Parkinson’s disease is a neurodegenerative disorder that results in the loss of pigmented dopaminergic neurones of the substantia nigra pars compacta, the presence of Lewy bodies and Lewy neuritis. Treatment is symptomatic and is largely aimed at restoring dopamine balance.

There are several treatment options available, with the majority having an effect on dopamine breakdown or acting on dopaminergic receptors. Dopamine agonists act on dopamine receptors whilst levodopa, a precursor of dopamine is administered in combination with a decarboxylase inhibitor to reduce the peripheral decarboxylation of levodopa, thus increasing the amount of levodopa available for transport into the brain. Catechol-O-methyltransferase (COMT) inhibitors act to reduce levodopa breakdown by inhibiting the enzyme COMT, mainly peripherally, to result in an increase in the amount of levodopa available. Monoamine oxidase inhibitors bind to monoamine oxidase type B, an enzyme involved in dopamine metabolism thus reducing its breakdown and also may also inhibit its reuptake. Amantadine, an antiviral agent, is an N-methyl-D-aspartate (NMDA) antagonist with dopaminergic activity as well as anticholinergic effects. Anticholinergics are used in some patients where tremor is problematic; however their use may be limited by their side effects. Treatment for Parkinson’s disease is also aimed at controlling non-motor symptoms, however this will not be discussed within this article.

Intestinal levodopa/carbidopa (ILC) (Duodopa®, Abbvie Pty. Ltd.) is a novel treatment which represents another step forward in the treatment of advanced Parkinson’s disease. Duodopa® is an intestinal gel suspension and is a combination of levodopa and carbidopa. It allows the delivery of the medication by a continuous infusion into the small intestine via a percutaneous endoscopic gastrostomy tubing device with a jejunal tube extension (PEG-J).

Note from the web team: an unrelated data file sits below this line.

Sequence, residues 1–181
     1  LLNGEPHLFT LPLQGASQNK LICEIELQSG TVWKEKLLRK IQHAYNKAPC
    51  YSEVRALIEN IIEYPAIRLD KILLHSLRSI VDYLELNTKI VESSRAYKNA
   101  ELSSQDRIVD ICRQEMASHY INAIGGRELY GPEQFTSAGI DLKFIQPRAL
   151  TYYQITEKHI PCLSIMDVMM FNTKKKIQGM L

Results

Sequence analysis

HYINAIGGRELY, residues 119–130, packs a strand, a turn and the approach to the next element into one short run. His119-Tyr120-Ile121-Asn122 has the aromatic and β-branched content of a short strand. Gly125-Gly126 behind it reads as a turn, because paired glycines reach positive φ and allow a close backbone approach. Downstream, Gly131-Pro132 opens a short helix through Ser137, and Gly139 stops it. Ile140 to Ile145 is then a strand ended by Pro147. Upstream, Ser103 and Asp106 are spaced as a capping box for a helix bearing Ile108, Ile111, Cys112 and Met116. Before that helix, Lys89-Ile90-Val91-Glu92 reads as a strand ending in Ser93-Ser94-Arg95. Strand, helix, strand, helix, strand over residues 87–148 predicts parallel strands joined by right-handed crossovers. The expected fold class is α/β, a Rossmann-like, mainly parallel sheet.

The continuous drug delivery (via a CADD-Legacy® pump) into the small intestine reduces variations in the plasma concentration; this results in a steady levodopa concentration and hence a reduction in motor fluctuations, as well as an increase in “on” time. Levodopa is well absorbed from the intestine. The variation in the concentration of levodopa in the plasma is smaller when compared to oral administration as absorption is not affected by the gastric emptying rate given that the medication is delivered directly into the small intestine.

The decision to treat a patient with ILC therapy requires close collaboration between the neurologist and a gastroenterologist and should only be commenced in a hospital setting. The initiation of therapy involves a two phase process – the nasojejunal phase and the PEG-J phase.

The initial nasojejunal phase involves the insertion of a temporary, naso-intestinal tube and ILC is delivered directly into the jejenum. The recommended trial phase is three to five days and is aimed at assessing the clinical response to ILC, as well as determining the optimal dose for the patient which maximises the functional “on” time during the day.

Following a positive clinical response to ILC, the second phase involves the insertion of a PEG-J tube to allow long term administration.

In Australia, Duodopa® is indicated for the treatment of advanced idiopathic Parkinson’s disease with severe motor fluctuations despite optimised alternative pharmacological treatment and is currently listed on the Pharmaceutical Benefits Scheme. It is an expensive treatment which costs approximately $6,000.00 per month, however the treatment is estimated to be applicable to only 2,000 patients. Consumption has already reached $10 million of the forecasted cost of $10 million to $30 million by 2017. Despite its high cost and specific indication, ILC provides yet another option for prescribers in the treatment of advanced Parkinson’s disease to improve quality of life and reduce the burden for carers.

References:

  1. Abbvie Pty Ltd. Duodopa® Resource Guide for Hospitals. Botany: Abbvie Pty Ltd; 2013.
  2. Hauser RA, Lyons KE, McClain TA, Pahwa R. Drugs and Diseases: Parkinson Disease. New York: WebMD LLC; 2014. Accessed 13/06/2014.
  3. Lindsay KW, Bone I. Neurology and Neurosurgery Illustrated. 4th ed. London: Churchill Livingstone; 2004. p. 359-64.
  4. Olanow C, Schapira AV. Parkinson’s Disease and Other Movement Disorders. In: Longo DL, Fauci AS, Kasper DL, Hauser SL, Jameson J, Loscalzo J. editors. Harrison’s Principles of Internal Medicine, 18th ed. New York: McGraw-Hill; 2012.
  5. Rossi S (ed). Australian Medicines Handbook 2014 (online). Adelaide: Australian Medicines Handbook Pty Ltd; 2014 July. Available from: http://www.amh.net.au.

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